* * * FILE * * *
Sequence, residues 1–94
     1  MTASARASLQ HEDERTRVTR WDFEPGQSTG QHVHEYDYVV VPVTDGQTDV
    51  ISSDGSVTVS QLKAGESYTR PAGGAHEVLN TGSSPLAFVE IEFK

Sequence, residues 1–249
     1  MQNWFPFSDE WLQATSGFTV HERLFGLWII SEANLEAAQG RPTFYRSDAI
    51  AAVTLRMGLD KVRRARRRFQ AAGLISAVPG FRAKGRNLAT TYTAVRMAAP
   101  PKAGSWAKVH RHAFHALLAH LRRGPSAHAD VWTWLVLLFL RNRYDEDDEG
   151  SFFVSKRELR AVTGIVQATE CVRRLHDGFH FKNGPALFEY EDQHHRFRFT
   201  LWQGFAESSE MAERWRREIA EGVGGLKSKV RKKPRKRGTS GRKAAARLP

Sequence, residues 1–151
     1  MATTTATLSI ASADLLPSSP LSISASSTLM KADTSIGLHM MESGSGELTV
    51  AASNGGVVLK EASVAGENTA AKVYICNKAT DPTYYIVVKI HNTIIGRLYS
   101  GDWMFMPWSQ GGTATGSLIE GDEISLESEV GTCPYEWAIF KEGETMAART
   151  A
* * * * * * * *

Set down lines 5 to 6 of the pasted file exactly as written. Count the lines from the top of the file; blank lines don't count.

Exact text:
     1  MQNWFPFSDE WLQATSGFTV HERLFGLWII SEANLEAAQG RPTFYRSDAI
    51  AAVTLRMGLD KVRRARRRFQ AAGLISAVPG FRAKGRNLAT TYTAVRMAAP